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How to Use a Solderless Breadboard
Written By: John R. Sewell

A Solderless Breadboard is used to help design new electronic prototypes. Since it is designed with the idea of reusability, it is an effective replacement for protoboards and jumpers or wirewrap panels before commitment to etched circuit boards. With the advent of the Solderless Breadboard, it became much easier to experiment with different electronic designs. It allowed the beginner, as well as the engineer, an easy way to turn a concept into a working circuit. Solderless Breadboards come in many different flavors. There are simple unpowered Breadboards all the way up to units with multiple power supplies attached to it. But the basic design of the Solderless Breadboard has not changed since it was created. So how does it work? A Breadboard is created with strips of metal below a plastic surface with holes in it. There are row after row of these clips. The spacing of these holes is based on a measurement of 0.1” which corresponds with the spacing of the original basic integrated circuit device (IC). Generally, there are both horizontal strips and vertical busses. 2290 Tie Point Solderless Breadboard, Unmounted As it was originally designed for the .3in. width IC, the Breadboard is divided in half with gap in between. Each half corresponds to the row of pins on each side of the ICs. As the IC is plugged into the board, each pin makes contact with one spring contact in a row of 5 reaching out from the IC, pin for pin. This will allow you to make plug in connections at these points, allowing you to “build” your circuit, pin for pin, one component at a time. If you need more contacts to make connection to multiple items, simply pick a row that is not used, jumper to it and all items plugged into that row on the Solderless Breadboard will be connected. The holes accommodate things like, IC’s, resistors, capacitors, small coils, transistors, and about anything with leads around .025in. Almost everything you can solder into a copper circuit. This is what makes the Solderless Breadboard such a valuable tool. Most Solderless Breadboards also have multiple BUSS connections along the edges, parallel with the IC. These are generally used to supply your source voltages and other common signals such as power and ground at any point you will need along the circuit you are experimenting with. Most have a row of two on each side. There are several configuration of this, but it is very obvious as to the layout of the holes based on over printing on the surface of the Solderless Breadboard.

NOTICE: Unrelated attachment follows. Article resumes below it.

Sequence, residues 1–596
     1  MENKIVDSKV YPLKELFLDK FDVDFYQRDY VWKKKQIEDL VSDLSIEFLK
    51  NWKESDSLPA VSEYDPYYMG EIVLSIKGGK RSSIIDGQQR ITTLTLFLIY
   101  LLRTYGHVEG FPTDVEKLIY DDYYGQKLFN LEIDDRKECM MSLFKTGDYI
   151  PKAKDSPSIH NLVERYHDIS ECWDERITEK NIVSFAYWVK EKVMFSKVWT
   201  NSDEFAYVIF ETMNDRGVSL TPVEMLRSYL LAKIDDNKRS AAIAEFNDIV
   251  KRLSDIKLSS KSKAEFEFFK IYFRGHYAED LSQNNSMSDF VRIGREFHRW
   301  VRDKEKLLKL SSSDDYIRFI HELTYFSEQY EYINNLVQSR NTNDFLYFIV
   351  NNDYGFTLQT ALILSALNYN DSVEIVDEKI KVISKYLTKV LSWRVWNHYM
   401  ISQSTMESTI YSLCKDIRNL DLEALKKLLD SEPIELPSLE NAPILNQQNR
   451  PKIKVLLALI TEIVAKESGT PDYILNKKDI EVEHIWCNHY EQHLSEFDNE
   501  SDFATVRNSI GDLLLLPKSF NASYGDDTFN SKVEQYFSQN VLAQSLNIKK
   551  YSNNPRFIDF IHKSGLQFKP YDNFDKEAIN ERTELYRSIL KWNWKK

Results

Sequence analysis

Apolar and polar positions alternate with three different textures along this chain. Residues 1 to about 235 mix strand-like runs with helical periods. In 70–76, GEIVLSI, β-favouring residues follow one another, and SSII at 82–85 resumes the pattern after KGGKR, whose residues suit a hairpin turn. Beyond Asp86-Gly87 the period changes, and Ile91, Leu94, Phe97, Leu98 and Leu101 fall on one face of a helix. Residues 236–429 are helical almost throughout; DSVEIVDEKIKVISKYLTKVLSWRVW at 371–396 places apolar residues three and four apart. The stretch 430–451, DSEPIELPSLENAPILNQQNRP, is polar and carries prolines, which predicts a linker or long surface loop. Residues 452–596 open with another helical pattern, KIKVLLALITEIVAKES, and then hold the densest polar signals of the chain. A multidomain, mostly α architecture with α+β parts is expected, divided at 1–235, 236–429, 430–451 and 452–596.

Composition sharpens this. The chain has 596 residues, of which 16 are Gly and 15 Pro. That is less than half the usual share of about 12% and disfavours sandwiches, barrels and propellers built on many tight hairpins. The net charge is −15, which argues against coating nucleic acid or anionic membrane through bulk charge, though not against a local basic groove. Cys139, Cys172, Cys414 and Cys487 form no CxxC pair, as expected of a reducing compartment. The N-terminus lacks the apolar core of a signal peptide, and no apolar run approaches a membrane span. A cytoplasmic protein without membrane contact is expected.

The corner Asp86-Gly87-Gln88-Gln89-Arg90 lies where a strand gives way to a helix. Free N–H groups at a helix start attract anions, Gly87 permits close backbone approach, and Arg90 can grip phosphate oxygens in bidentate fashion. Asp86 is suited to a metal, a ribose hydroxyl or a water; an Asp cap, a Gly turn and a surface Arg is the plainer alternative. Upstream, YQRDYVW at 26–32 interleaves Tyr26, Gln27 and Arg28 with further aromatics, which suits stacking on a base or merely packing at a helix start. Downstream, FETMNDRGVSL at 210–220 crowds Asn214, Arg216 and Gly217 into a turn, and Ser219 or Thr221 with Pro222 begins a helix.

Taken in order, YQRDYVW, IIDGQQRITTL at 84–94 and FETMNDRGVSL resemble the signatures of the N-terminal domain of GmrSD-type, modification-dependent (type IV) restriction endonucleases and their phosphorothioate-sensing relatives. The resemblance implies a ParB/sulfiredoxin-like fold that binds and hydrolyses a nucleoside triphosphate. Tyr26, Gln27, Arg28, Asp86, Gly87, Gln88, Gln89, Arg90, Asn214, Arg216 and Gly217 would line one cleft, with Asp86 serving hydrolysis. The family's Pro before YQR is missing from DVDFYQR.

As we mentioned above, the Busses are used for power, we will now introduce POWERED breadboards. Some test benches might not have a Variable Benchtop Power Supply available and this is where you would use a Solderless Breadboard with built-in Power Supplies. Solderless Breadboard Development Station with 3 Power Supplies The power supplies are located beneath the breadboard. This approach lets you make the prototype circuit portable, with only the need for a simple 115VAC outlet to power your project. Some Powered Breadboards like the MPJA 17710-TE have multiple voltages available. This Solderless Breadboard as 3 separate voltage outputs with a digital readouts for precise settings.

By using multiple snap together Solderless Breadboard BUSSes and sections you can create as large an array as needed to design & debug your circuit.
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